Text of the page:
A friend asked me if I’d do a blog on the making of the photograph I took of the Virgin River during the Zion National Park photography workshop in 2011. He’s a good friend and it’s a nice photograph so let’s do it. Here’s the end result. (You can click on each of the photographs to enlarge them and get a better look.)
And here’s what it started from.
The difference is obviously pretty dramatic so there will be a few things to talk about. We’ll start with what I was experiencing in the field and take it all the way through the darkroom to the end product. So let’s get started.
In the Field
The magic starts with your inspiration in the field – when you feel something powerful and start to think of how you can express it. ‘Here’s this joyful stunted cottonwood tree growing from the side of the cliff above the cool, deep flowing waters of the Virgin River.” How can I share that with the viewer?
It starts with the many interpretive decisions that lead up to the moment you press the shutter. What exposure do I need? Are there any focusing issues? How will I compose this to capture what I’m feeling? What kind of light is there and how will that affect the final image?
We’re at the bottom of a deep, narrow canyon. It’s mid-afternoon so the sunlight has long since left the canyon bottom. So we have beautiful open shade with a little bit of warm bounce light where the sun is still shining on the upper canyon walls. All of this makes for a low contrast scene so exposure is not a problem. I just need to be sure I don’t under expose or severely overexpose. If anything, expose to the right (meaning a slight overexposure) is in order. No particular challenges here.
Next, are there any focusing or sharpness concerns? No, I’m using my 24-70 lens at 54mm (full frame sensor) and everything is fairly far from the lens. I’m shooting at f/16 so there is more than adequate depth of field . I’ll use autofocus and let the camera choose that to focus on.
As for the composition, I want the cottonwood to be the focal point of the image so I place it in a very strong position – at the intersection of the top and right 1/3rd lines. It is balanced by the massive rock in the lower left of the frame. There are beautiful diagonal lines formed by the joints and fissures coming down the face of the wall. This provides energy which is enhanced by the warm colors of the wall. The river at the bottom of the frame provides some very subtle horizontal or near-horizontal lines contributing to a sense of calm, also enhanced by the cool colors of the water. So there’s a nice mixture of drama from the energy of the diagonal lines and warm colors of the walls to the calm of the river and its cool colors. Everything is ready. The final check is to do ‘border patrol’ to make sure nothing is creating a distraction at the edges of the frame. All is good so it’s time to press the shutter.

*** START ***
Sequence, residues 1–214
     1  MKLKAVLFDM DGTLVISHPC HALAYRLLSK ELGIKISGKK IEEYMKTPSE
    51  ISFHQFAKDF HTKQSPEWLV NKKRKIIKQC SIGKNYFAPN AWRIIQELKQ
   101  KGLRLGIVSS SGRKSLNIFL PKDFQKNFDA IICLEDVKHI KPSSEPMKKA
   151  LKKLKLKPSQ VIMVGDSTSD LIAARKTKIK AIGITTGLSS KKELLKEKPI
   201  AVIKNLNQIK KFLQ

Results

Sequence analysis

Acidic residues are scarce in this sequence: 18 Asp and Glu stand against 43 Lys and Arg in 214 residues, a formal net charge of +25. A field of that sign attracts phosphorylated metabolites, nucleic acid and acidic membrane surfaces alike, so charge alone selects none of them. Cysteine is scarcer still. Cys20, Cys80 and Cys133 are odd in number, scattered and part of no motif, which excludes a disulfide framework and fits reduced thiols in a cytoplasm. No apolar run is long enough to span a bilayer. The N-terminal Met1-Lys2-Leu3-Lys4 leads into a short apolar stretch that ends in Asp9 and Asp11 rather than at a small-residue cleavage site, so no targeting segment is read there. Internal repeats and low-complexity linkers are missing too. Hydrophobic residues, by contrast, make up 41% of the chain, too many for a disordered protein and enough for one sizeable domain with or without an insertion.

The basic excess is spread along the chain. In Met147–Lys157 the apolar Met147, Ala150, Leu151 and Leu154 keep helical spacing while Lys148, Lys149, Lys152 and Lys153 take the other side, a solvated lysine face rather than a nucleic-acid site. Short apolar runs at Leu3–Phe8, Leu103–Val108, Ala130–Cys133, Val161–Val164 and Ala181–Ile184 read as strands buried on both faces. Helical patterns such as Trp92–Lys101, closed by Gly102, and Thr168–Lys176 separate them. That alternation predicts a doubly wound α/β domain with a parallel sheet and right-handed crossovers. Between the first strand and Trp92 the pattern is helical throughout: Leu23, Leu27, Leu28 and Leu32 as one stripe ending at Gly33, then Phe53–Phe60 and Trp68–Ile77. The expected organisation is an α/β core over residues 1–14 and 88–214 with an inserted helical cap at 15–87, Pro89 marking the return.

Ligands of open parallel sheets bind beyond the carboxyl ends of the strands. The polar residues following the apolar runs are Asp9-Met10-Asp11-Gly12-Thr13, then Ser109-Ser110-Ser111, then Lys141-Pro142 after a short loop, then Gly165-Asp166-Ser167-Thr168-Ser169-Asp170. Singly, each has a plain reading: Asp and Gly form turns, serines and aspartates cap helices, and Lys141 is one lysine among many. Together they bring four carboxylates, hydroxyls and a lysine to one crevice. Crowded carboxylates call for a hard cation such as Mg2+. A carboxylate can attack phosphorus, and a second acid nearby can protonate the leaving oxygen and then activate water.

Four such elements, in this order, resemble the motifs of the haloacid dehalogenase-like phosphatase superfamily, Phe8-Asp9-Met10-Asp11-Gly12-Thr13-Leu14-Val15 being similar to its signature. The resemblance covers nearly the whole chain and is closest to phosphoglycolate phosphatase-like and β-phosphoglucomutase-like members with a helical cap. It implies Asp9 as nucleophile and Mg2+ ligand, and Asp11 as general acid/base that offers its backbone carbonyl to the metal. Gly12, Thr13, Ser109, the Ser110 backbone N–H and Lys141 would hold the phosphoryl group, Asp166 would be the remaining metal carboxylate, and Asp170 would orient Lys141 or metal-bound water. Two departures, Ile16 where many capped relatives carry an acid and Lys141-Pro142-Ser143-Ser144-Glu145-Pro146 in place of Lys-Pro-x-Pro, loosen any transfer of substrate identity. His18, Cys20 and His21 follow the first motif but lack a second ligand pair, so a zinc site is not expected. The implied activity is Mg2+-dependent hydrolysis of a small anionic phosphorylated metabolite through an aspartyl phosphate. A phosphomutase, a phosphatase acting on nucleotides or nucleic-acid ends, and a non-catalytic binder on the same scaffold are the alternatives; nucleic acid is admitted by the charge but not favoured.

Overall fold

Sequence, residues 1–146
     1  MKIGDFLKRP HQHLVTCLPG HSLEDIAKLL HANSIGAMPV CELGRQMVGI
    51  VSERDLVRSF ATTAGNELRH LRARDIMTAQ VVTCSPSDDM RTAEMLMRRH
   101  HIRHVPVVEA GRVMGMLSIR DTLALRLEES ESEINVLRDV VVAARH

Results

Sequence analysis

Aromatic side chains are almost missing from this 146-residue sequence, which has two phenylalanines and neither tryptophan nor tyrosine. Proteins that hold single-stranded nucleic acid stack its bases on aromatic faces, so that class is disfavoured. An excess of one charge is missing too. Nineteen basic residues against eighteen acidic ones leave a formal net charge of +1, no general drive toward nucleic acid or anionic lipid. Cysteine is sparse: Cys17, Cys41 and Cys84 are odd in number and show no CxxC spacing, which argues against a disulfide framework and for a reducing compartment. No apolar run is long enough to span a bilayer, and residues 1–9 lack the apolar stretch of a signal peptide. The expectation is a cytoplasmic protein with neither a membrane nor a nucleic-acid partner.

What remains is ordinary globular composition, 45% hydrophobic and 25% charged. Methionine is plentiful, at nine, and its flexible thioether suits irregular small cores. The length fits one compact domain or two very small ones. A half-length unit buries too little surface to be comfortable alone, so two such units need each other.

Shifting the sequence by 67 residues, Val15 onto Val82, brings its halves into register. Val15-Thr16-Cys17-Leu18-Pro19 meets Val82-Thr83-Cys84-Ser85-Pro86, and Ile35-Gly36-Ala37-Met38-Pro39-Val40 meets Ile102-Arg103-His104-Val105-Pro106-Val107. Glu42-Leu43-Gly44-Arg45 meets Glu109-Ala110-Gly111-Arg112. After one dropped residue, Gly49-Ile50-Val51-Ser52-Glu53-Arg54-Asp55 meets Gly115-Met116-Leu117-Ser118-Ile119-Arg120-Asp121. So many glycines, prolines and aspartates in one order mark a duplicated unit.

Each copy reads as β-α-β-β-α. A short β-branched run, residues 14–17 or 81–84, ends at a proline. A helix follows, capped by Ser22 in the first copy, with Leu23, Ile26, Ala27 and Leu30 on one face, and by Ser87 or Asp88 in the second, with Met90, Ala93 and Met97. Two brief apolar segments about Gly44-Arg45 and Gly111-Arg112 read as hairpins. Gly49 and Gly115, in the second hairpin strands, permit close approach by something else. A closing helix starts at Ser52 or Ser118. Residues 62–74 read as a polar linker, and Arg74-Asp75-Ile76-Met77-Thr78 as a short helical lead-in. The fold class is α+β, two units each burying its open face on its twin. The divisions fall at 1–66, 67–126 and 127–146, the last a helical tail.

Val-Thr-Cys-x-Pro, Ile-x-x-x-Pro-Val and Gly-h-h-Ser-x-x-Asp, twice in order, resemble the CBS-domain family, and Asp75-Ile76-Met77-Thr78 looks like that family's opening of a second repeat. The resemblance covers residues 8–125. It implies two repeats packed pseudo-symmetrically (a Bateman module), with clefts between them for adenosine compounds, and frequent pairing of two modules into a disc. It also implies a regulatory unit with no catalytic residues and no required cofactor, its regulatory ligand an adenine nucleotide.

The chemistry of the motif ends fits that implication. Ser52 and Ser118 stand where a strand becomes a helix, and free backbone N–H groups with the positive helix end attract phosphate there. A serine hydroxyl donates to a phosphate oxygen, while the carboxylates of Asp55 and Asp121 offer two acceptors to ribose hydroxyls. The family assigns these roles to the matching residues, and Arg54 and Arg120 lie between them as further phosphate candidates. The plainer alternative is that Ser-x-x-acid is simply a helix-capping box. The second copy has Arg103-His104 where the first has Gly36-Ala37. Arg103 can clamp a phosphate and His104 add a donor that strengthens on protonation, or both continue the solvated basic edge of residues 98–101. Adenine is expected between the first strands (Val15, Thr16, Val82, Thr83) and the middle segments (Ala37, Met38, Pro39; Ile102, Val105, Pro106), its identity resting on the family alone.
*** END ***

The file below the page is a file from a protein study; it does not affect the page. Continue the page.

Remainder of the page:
In the Darkroom Part 1
The darkroom work begins with Lightroom. I import all my files from a shoot and it’s there I do the editing to select the handful that I want to work on (see Lightroom Tutorial – When You Get Home). Once I’ve made my selection I’ll check for mechanical changes like removing dust spots and making the final crop. Now I’m ready to start enhancing the image. I’ll do that in three phases – adjustments first to tonality, then hue and finally saturation.
Tonality is a term used by painters and denotes the lightness and darkness. Photographers often refer to the same thing as luminance. I prefer the painter’s term.
I normally begin by setting a black point. In Lightroom 4 that’s the Blacks slider in the Basic group (of the Develop module). In this case I set Blacks to –23. Next the image is a bit on the bright side so I want to lower the overall tonal values. I use Exposure for this and bring it down to –1.00. If you look at the rock in the left foreground it’s very bright to the point of loosing detail. So to bring down this bright spot I first try Whites and bring it down to –100. That helps but it is still too bright. So I turn to Highlights and bring it down to –100. Ah, that’s better. Here’s where that brings us.
A little more contrast would give it some drama so I bump the contrast adjustment up to +24. And Clarity does some exciting micro contrast adjustments that make an image pop. So let’s give it +50 clarity. You can see that the image is starting to get a little life to it, starting to glow. You’ll also notice that these tonality adjustments have increased saturation. That’s why we wait until the end to do saturation; the adjustments along the way are going to affect it.
That’s about all the tonal adjustments we need, at least for now. The next component I like to turn to is Hue. Hue is another word for colors such as red, green, blue, etc. The photograph having been captured in open shade, the light is cool, rendering a cool look to the whole image. But that complements the mood of peace and tranquility I want to convey. So the hue is just fine, meaning there are no apparent color casts to the image. If there were I would use Temperature and Tiny to correct them. But it’s fine